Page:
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"Increased reflexes in the lower limbs". Is that consistent with MS?

Hello, I was diagnosed with MS 24 years ago. More recently I was told my MS is "primary progressive". I feel terrible, but look very well. Most people would not guess I have MS. I recently had an appointment with a consultant for my roughly every 3 years check up. In his letter (which arrived this morning) he listed the symptoms I described, but then added that the only physical finding was "increases reflexes in the lower limbs". I have this feeling that no one I see believes I have MS. I think they think I'm just fat and crazy. I'm on a cocktail of drugs like Pregabalin, Bacclofen, drugs for high blood pressure and statins. I also had surgery for a slipped disk 8 years ago.
Do the increased reflexes say MS, or bad back, or fat fraud?
Thank you
2 Responses
987762 tn?1331027953
COMMUNITY LEADER
Hi and welcome,

IF you didn't have a 24yr MS diagnostic history i would say "increased reflexes in lower limbs" is not usually  suggestive-consistent with a neurological condition like MS. Bilateral is generally more suggestive-consistent with structural spinal issues and the peripheral nervous system, which 'could be' connected to your spinal issue/sugery or even connected to any weight issues you also have.

Unilateral is whats more suggestive-consistent of a neurological conditions like MS but after 24 yrs MS is highly likely to of developed into causing bilateral in that time frame.

The main problem i can see as to meaning is IF only the term "increased" has been used, that could actually mean your reflexes are still within the normal range (2+ or 3+)

"deep tendon reflexes are graded as follows:

0 = no response; always abnormal

1+ = a slight but definitely present response; may or may not be normal

2+ = a brisk response; normal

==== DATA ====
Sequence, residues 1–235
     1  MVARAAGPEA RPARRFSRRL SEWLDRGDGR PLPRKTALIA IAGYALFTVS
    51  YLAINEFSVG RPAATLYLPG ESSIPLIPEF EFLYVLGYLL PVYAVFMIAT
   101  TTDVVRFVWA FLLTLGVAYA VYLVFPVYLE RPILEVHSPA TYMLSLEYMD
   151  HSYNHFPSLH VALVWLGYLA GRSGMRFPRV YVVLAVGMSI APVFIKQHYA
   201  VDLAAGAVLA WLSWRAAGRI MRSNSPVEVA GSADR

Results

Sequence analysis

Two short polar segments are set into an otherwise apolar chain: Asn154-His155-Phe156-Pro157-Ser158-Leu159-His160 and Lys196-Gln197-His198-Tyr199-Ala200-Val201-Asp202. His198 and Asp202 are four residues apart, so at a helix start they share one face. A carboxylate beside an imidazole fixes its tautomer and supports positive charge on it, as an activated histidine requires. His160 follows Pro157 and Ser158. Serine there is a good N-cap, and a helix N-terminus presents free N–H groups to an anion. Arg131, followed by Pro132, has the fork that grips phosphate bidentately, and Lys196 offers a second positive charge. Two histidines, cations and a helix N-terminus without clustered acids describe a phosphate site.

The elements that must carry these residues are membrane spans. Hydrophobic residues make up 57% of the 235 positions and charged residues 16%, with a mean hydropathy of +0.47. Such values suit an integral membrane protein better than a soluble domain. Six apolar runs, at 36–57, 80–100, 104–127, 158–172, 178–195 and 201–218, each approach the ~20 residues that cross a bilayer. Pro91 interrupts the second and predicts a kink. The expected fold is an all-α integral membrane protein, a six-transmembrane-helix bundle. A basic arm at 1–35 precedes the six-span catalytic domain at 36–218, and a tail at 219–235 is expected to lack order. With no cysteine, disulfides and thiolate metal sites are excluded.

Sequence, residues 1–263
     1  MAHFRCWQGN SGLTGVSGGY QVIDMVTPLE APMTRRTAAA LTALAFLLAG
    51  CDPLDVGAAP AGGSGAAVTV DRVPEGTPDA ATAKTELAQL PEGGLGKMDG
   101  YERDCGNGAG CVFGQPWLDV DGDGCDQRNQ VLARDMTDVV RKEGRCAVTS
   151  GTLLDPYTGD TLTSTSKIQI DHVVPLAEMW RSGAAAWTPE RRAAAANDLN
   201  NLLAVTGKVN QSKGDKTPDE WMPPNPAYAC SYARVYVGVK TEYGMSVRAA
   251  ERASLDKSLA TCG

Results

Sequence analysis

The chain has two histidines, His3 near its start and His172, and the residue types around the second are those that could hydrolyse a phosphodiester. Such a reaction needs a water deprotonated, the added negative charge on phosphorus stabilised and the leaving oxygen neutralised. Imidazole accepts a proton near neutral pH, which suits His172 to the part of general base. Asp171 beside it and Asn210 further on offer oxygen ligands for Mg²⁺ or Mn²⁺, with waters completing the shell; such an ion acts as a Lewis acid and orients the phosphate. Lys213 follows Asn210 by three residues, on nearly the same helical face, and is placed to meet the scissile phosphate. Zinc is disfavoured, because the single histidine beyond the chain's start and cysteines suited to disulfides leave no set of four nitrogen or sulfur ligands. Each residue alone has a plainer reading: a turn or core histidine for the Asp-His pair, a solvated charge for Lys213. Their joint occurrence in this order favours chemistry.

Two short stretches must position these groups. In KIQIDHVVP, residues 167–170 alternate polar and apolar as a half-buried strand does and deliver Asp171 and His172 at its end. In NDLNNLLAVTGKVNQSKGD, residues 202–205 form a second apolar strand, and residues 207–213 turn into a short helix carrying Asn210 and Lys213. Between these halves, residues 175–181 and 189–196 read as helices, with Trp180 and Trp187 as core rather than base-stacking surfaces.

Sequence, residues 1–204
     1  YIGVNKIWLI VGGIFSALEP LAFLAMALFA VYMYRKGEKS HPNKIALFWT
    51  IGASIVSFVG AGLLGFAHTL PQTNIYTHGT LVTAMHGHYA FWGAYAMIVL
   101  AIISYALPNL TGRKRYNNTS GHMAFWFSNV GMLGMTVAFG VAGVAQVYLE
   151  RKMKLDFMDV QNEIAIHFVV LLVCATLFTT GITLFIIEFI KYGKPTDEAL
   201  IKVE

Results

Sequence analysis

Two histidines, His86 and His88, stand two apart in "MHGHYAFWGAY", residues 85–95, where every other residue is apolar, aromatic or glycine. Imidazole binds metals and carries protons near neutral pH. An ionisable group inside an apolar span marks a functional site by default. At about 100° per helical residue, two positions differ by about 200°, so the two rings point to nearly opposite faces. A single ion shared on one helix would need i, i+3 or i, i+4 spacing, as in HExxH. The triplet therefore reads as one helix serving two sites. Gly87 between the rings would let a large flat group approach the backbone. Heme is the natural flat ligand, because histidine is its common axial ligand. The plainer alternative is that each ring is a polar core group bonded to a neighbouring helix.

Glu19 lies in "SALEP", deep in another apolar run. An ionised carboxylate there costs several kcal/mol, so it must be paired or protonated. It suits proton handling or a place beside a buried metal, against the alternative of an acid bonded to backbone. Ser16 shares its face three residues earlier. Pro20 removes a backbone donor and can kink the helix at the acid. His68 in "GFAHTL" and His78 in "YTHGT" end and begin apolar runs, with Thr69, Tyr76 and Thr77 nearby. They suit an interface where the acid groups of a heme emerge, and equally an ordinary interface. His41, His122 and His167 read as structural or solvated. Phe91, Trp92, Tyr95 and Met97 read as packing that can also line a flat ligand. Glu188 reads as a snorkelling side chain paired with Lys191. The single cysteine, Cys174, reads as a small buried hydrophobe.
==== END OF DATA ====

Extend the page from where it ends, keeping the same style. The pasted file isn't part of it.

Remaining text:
3+ = a very brisk response; may or may not be normal

4+ = a tap elicits a repeating reflex (clonus); always abnormal"
https://www.ncbi.nlm.nih.gov/books/NBK396/

I'm not sure what to make of you recently being told PPMS, if you use to have the relapse-remitting pattern but now you don't, you'd typically be reclassified as Secondary Progressive and not Primary progressive...

PPMS is characterized by worsening neurologic function (accumulation of disability) from the onset of symptoms, without early relapses or remissions.

"One year of disease progression (worsening of neurological function without remission), AND
Two of the following:

A type of lesion in the brain that is recognized by experts in as being typical of MS

Two or more lesions of a similar type in the spinal cord
Evidence in the spinal fluid of oligoclonal band or an elevated IgG index, both of which are indicative of immune system activity in the central nervous system

Meeting these criteria can sometimes take a fairly long time, particularly if the person has only recently begun to experience neurologic symptoms. Several studies have suggested that the PPMS may take two to three years longer to diagnose than relapsing-remitting MS."

https://www.nationalmssociety.org/What-is-MS/Types-of-MS/Primary-progressive-MS/Diagnosing-Primary-Progressive-MS

It would be pretty unusual after such a long time frame to not have developed multiple neurological abnormalities and higher disability rates by now, so i don't think it's really surprising if the MS neurologist you saw does have concerns that you 'might' have been misdiagnosed with MS back in the 90's.

It's not all that uncommon for pwMS to have their dx questioned and or be undx when they've had to see a new neurologist, all i can suggest is that you look through your historical diagnostic evidence if only for your own peace of mind....

Hope that helps.....JJ
1 Comments
Thank you very much
710547 tn?1295446030
Just to add - increased reflexes in the lower limbs IS consistent with MS. Of course that doesn't mean it's indicative or suggestive. But it IS consistent.

I hope you discover what is truly going on.
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